Along with 83 and 29, Satellite 2 responded out of this house when it was organized on October 1, 1965.  Members of the engine would take it on second alarms or greater, until the satellite relocated to 72 Engine in July of 1975."

     - http://www.1strespondernews.com/webpages/news/displaynews.aspx?PT=columns&cat=FDNY%20Houses&ID=f0c02455-35e6-44c4-950b-2c72104c6331
« Last Edit: January 26, 2018, 06:37:56 AM by mack »

Offline mack

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Re: FDNY and NYC Firehouses and Fire Companies - 2nd Section
« Reply #17 on: January 16, 2018, 09:09:07 PM »
Extremely disappointed in some of the buffs here.  L 29 was TL 29 for a time.  No one noticed!   

Also noteworthy, the late FF Eli Giaquinto, a L 29 medal winner, went on to start a major fire escape servicing company in San Francisco.

Scoobyd - Thanks alot for TL 29 info.  What years did they have a tower ladder assigned?  I will make appropriate notes in company details. 

Offline mack

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Re: FDNY and NYC Firehouses and Fire Companies - 2nd Section
« Reply #18 on: January 16, 2018, 09:13:15 PM »
Extremely disappointed in some of the buffs here.  L 29 was TL 29 for a time.  No one noticed!   

Also noteworthy, the late FF Eli Giaquinto, a L 29 medal winner, went on to start a major fire escape servicing company in San Francisco.

Obituary - Eli V. Giaquinto

     

Feb 13, 1936 - May 1, 2017

Passed away unexpectedly at CPMC in San Francisco. Born and raised in Harlem, NYC to Babette and Peride Giaquinto. Eli was a navy veteran and decorated NYC fireman. He drove the ladder truck at Engine 83, Ladder 29 "Da Bums On Da Hill" So. Bronx and retired after 25 yrs. He moved to SF after meeting Susan, who became the love of his life. Eli started two successful business in SF, Giaquinto Janitorial and Great Escape Fire Escape Service. Eli had a warm and generous heart that showed by spoiling any animals. He would cook special meals for Truckie, Maggie, Rocky, Rita and Kook-A-La.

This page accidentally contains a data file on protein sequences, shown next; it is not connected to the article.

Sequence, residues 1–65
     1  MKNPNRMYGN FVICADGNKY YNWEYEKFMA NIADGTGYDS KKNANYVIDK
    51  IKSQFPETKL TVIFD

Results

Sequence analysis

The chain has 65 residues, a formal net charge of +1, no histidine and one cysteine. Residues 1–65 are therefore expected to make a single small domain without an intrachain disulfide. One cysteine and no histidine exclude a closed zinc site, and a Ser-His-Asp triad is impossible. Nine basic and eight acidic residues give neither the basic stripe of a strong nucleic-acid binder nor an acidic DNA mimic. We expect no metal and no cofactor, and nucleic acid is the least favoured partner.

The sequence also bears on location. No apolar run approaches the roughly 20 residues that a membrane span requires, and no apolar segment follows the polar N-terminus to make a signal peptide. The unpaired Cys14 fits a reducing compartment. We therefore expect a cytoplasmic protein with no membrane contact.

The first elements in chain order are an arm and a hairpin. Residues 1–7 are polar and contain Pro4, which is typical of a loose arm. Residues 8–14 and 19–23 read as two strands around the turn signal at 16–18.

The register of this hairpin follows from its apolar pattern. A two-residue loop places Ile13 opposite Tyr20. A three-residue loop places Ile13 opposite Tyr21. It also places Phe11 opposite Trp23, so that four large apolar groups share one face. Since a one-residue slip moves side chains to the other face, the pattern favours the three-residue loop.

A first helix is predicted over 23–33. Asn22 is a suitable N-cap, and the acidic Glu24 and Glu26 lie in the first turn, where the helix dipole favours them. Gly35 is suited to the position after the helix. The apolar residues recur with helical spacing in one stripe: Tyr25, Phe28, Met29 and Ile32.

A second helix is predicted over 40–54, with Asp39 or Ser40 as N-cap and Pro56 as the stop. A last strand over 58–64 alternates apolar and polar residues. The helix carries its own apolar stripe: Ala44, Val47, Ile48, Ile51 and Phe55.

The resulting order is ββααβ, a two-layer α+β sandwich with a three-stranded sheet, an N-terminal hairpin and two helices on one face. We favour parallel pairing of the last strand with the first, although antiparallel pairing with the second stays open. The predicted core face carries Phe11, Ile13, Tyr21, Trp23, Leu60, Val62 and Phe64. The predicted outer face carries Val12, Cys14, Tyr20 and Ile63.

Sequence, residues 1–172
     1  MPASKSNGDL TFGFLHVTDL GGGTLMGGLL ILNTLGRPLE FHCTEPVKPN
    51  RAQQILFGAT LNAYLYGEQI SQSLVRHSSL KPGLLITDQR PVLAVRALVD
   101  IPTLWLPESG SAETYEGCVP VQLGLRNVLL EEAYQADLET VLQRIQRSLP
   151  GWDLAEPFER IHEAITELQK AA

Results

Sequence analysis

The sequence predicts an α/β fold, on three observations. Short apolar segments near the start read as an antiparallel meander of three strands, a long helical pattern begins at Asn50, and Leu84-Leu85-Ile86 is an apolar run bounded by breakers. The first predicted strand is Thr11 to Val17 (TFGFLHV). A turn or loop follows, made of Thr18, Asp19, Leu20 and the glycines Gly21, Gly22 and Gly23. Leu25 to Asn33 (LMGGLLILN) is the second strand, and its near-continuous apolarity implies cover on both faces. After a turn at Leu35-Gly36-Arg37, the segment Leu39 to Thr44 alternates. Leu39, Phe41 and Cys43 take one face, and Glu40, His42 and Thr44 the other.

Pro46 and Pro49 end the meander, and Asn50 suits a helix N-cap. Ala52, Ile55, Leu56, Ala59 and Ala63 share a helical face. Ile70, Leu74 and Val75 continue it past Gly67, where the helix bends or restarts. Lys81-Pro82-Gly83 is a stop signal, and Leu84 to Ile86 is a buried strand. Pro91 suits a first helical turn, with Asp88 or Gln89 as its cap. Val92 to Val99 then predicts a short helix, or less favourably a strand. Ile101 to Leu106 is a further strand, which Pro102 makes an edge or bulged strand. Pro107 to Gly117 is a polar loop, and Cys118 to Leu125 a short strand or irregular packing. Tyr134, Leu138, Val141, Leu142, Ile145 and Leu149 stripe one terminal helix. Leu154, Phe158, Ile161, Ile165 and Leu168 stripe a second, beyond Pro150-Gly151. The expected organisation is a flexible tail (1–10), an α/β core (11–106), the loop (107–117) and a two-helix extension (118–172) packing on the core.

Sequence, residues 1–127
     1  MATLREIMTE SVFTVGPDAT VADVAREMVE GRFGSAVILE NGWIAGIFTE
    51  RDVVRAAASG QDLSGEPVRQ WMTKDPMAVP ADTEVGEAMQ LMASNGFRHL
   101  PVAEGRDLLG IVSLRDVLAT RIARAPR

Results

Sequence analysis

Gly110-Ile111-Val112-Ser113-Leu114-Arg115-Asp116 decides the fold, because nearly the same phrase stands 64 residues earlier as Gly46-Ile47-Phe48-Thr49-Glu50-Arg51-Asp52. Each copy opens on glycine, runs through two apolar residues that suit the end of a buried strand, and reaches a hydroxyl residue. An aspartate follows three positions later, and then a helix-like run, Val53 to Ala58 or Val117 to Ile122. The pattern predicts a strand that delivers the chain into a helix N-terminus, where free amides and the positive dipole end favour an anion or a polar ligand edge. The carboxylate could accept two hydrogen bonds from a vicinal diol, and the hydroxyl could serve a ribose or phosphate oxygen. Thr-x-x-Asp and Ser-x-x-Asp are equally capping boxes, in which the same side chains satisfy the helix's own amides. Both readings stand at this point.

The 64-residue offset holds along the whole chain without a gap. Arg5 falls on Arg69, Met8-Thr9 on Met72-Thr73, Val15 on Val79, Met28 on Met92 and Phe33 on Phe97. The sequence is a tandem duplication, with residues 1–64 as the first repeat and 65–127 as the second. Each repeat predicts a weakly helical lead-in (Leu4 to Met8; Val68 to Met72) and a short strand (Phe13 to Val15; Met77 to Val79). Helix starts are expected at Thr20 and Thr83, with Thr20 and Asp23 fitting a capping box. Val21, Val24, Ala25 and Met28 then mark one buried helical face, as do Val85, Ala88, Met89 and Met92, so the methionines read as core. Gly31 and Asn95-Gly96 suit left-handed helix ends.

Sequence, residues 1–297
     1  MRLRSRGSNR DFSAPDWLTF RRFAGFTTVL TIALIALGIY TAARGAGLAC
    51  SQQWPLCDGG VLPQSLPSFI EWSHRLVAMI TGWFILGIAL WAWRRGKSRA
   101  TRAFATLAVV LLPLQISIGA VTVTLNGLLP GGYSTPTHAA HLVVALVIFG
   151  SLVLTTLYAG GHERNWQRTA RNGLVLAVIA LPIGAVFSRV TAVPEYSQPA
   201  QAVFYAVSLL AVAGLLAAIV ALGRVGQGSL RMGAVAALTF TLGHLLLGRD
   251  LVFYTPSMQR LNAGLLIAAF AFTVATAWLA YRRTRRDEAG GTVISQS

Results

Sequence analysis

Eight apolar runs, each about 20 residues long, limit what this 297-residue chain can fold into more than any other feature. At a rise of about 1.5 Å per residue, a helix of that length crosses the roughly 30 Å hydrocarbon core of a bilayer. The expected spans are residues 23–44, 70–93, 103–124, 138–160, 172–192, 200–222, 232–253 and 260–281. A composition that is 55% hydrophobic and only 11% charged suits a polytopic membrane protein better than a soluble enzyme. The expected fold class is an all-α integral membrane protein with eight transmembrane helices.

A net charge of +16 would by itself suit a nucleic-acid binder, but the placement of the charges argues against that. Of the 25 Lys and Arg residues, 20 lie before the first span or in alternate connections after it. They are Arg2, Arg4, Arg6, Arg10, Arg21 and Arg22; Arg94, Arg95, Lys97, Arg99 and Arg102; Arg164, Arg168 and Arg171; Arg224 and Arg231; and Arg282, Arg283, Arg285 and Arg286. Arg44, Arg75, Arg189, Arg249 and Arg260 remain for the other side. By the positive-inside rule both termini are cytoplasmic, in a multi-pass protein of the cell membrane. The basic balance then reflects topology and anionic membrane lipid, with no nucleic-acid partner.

He loved playing softball, starting in NYC as a teenager until age 58 in the SF bar leagues. Eli also spent his years having fun as a bartender at Zhivago's and "The Bell" and being a patron to many others. He frequented the Abbey Tavern with everyone laughing from his stories complete with NY accent while drinking his favorite, a Makers Mark Manhattan on the rocks.
Eli was into gaming and had the magic touch in choosing many winning horses at Bay Meadows OTB, picking yearly football pool winners; even just winning the 2017 Masters Golf pool by picking the long shot. His infamous AA "Attitude Adjustment" party he hosted with Susan for 12 years and monthly poker nights with "the guys" allowed him to express his love for entertaining friends.

Everyone has a favorite "Eli" story to smile upon; The Big "E" will be missed by all.

He leaves behind his wife, Susan Stanich Giaquinto; daughter Kim Giaquinto Hart, granddaughters Toni Marie Wright (Benny), Sammi Jo Jean; and Kayla Rae Powell, daughter of the late Lori Giaquinto-Powell; sister and brother-in-law Francine Stanich Bailey and Jim Bailey; nephew Michael Bailey; half-brother and sisters Bill, Carol, Marian and Nancy.
A Celebration of Life will be held on Saturday, August 26th at the Irish Cultural Center of San Francisco at Noon.

     - Published in San Francisco Chronicle on May 14, 2017

RIP.


Great Escape Fire Escape Company

     http://greatescapeinc.com/about-us/

« Last Edit: January 16, 2018, 09:17:23 PM by mack »

Offline mack

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Re: FDNY and NYC Firehouses and Fire Companies - 2nd Section
« Reply #19 on: January 16, 2018, 09:36:18 PM »
Ladder 29 - 1986 Seagrave rearmount:

     

     - thanks Willie D

Offline scoobyd

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Re: FDNY and NYC Firehouses and Fire Companies - 2nd Section
« Reply #20 on: January 16, 2018, 10:01:22 PM »

Offline mack

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Re: FDNY and NYC Firehouses and Fire Companies - 2nd Section
« Reply #21 on: January 16, 2018, 10:10:20 PM »

Offline guitarman314

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Re: FDNY and NYC Firehouses and Fire Companies - 2nd Section
« Reply #22 on: January 16, 2018, 10:14:41 PM »